January 2, 2007
Archive Repost: Second Life in Fall 2003
[The MUD-DEV archives have been offline for several years and I know some folks have linked to the following post (and now have dead links). Since I re-tell parts of this story often, I thought I’d archive it here for posterity. There is no special meaning to me re-posting it now.]
From : “F. Randall Farmer”
To : “Discussion of MUD system design, development,and implementation”
Subject : RE: [MUD-Dev] The State of Play: On the Second Life Tax Revolt
Date : Tue, 23 Sep 2003 23:12:33 -0700
Monday, September 22, 2003 8:16 AM, J C Lawrence said:
> The State of Play: On the Second Life Tax Revolt Posted by James
> Grimmelmann on Sunday, September 21 @ 19:11:48 EDT Governance
I couldn’t let this one go without comment:
JC quotes a rather lengthy article attempting to tie a “tax revolt” in Second Life to an emergent democracy. As a long-time beta tester of Second Life (and a a User Experience/UI design contractor a few months back), I’d have to say that it is all much ado about nothing. The ‘protest’ was neither widespread, nor was it as ‘intense’ as as it could have been (see below). Virtual Press photos had to be re-enacted for the staff-written newsletter and the vast bulk of users didn’t know it had happened until he wrote about it, days later.
Specifically, Grimmelmann said:
> Other than quitting the game entirely (the threat which lurks
> behind all such protests), a street party is just about the only
> action you can take that will even come to the attention of the
This is an understatement of some scale for all systems, but especially Second Life.
A protest party is pretty much the _easiest_ action you can take in SL.
I personally (along with many others) have generated significant attention and action from ‘the authorities’ (and fellow citizens) using the built-in scripting, object creation mechanisms, and persuasive reasoning on the game Forums.
During beta, I built an invisible teleporting auto-cannon that fired 100 invisible rounds per minute and unleashed it in an area of WWII Online folks who had been at ‘war’ with my clan. It killed hundreds for about an hour before I was asked by the ‘authorities’ to remove it. Changes were made so that invisible objects can be seen in authoring mode.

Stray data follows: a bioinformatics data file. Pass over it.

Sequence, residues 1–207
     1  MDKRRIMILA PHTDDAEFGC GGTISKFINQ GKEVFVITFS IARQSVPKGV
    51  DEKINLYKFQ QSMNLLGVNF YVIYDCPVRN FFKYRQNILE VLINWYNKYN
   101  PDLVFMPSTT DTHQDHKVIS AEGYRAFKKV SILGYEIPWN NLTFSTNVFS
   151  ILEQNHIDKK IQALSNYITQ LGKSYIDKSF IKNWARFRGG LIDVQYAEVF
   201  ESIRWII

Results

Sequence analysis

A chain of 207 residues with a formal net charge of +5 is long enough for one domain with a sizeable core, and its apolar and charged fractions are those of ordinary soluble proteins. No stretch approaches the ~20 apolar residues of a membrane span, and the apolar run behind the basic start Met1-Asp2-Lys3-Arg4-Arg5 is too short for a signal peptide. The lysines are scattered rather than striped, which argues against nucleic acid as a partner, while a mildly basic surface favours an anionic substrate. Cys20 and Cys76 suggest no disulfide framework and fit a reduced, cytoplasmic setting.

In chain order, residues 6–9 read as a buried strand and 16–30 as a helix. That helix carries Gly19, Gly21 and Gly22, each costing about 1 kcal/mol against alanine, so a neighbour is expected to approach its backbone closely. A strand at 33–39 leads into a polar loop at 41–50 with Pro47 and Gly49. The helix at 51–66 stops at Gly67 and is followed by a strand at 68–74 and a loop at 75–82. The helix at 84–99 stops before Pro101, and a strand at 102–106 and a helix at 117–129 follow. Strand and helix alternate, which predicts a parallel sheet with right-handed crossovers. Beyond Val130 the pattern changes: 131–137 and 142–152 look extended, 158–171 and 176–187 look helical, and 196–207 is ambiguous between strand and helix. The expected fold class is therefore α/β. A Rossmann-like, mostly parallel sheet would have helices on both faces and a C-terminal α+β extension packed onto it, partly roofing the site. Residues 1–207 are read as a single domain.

After release, I created a world-touring, talking airship ALA Blade-Runner. Logs indicate that thousands of people had seen and interacted with over a two month period. It became well known, and the subject of some debate. This airship (along with various user-run air taxi services) often became ‘stuck’ over people’s land because of a mis-tuned property feature. One good rant posted on
their forums stating a rational case and citing Lawrence Lessig citing the Supreme Court’s decision in US V. CAUSBY and the problem was fixed in the next build. [See full post for excerpted discussion thread.]
And I’m not even close the most skilled or prolific scripters/artists/politicos on that system. Though my personal reputation may have helped convince the authorities in the case of the airship right-of-way discussion, that serves to reinforce my point: Well considered and executed individual action often facilitates change more efficiently than any mob-party.
Honestly, the Tea-Party in Second-Life had little in common with the historic event: Destroying ships and tea did real financial harm to the King of England (and loyalist businesses). The tea crates in the SL protest were bought and paid for by the protesters, who were taxed for them anyway. On the other hand, those few who tore down the structures that they knew Linden Labs liked to visit during their press demos (thus removing value from the system) were closer to those great American terrorists of old. :-) They were few and far between.